BOSTON (CBS) — He’s a little stiff on the day after, but Tom Wylie holds a unique distinction from the 2019 Boston Marathon: he’s the last local person to cross the finish line with an official time.
That’s because race officials stop recording the official times late in the afternoon. So even though a lot of runners crossed after Wylie, the 75-year-old Bradford resident still has bragging rights, of an unusual kind.READ MORE: Man Killed In Apparent Hit-And-Run On Route 93 In Braintree
“I’m feeling better. Usually, the day after you’re stiff, but it’s important to move it around a little bit,” said Wylie as he broke into a run near his home.
This is nothing new for him. “I’ve been running for 45 years. I started when I was 30 years old in 1974,” he said.
Monday was his fifth Boston, and 14th marathon, with plenty of shorter races in there, too. “Running is a big part of who I am.”READ MORE: Coronavirus In Massachusetts: Today's Developments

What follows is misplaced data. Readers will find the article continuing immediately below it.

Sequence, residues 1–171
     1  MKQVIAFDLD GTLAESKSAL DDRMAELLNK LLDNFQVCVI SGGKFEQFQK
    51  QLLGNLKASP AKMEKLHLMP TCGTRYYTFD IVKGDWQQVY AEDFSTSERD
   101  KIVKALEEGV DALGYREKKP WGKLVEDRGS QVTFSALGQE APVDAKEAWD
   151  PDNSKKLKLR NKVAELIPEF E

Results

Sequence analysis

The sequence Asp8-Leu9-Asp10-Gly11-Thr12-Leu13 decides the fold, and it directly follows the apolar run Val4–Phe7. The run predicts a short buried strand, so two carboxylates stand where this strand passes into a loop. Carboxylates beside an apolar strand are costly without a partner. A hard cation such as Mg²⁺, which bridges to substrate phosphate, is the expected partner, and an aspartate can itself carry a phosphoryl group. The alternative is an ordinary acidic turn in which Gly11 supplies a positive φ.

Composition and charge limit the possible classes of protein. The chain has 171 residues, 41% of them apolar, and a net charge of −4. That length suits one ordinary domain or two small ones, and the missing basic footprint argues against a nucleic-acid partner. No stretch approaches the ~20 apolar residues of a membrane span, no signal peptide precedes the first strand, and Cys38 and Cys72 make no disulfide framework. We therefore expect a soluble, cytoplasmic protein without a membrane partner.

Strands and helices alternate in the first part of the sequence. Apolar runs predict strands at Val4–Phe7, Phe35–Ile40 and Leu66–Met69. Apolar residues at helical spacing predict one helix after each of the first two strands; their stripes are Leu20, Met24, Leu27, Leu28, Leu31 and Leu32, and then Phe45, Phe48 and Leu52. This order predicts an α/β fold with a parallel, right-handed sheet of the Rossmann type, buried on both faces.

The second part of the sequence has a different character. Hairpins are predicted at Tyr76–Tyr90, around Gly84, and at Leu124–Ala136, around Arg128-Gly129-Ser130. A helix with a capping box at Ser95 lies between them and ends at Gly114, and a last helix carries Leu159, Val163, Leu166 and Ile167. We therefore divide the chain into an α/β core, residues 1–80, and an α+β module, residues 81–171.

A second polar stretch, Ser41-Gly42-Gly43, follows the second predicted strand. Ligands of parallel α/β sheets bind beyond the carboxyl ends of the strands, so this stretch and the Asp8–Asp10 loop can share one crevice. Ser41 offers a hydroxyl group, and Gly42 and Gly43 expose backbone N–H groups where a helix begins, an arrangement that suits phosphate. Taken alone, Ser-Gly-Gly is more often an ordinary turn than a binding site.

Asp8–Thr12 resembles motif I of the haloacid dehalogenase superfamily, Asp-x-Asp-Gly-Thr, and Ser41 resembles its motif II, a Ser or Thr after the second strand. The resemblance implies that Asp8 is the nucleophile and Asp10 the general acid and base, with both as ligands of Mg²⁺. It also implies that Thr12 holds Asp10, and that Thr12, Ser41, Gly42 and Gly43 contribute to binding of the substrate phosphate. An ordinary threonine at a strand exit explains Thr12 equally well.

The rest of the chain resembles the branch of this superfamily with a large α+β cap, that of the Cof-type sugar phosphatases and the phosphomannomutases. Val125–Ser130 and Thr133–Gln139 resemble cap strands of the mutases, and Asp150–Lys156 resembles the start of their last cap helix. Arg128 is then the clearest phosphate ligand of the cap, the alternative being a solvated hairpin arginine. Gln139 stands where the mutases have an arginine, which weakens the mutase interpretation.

His first marathon was in 1977 in Newport, R.I. where he finished in three hours, two minutes. Monday, 42 years later at age 75, he did it in six hours, 15 minutes, giving him the distinction of being the last local runner to finish with an official time.
“I’m a happy guy. What can I say?” The important thing is he did it, and how many of us can say that.
“This was a special one for me. I just turned three-quarters of a century at the end of March and I just wanted to do it once more. I wanted to do Boston once more,” he said.
At an age when many people want to put their feet up, Wylie is keeping his firmly on the pavement. “I feel fortunate, and I stayed with it. Because no matter how you feel when you start, you always feel better at the end.”MORE NEWS: Stimulus Check Update: Is A Fourth Relief Payment Coming?
Wylie made the marathon run as part of a team from the New England 65-Plus Runners Club.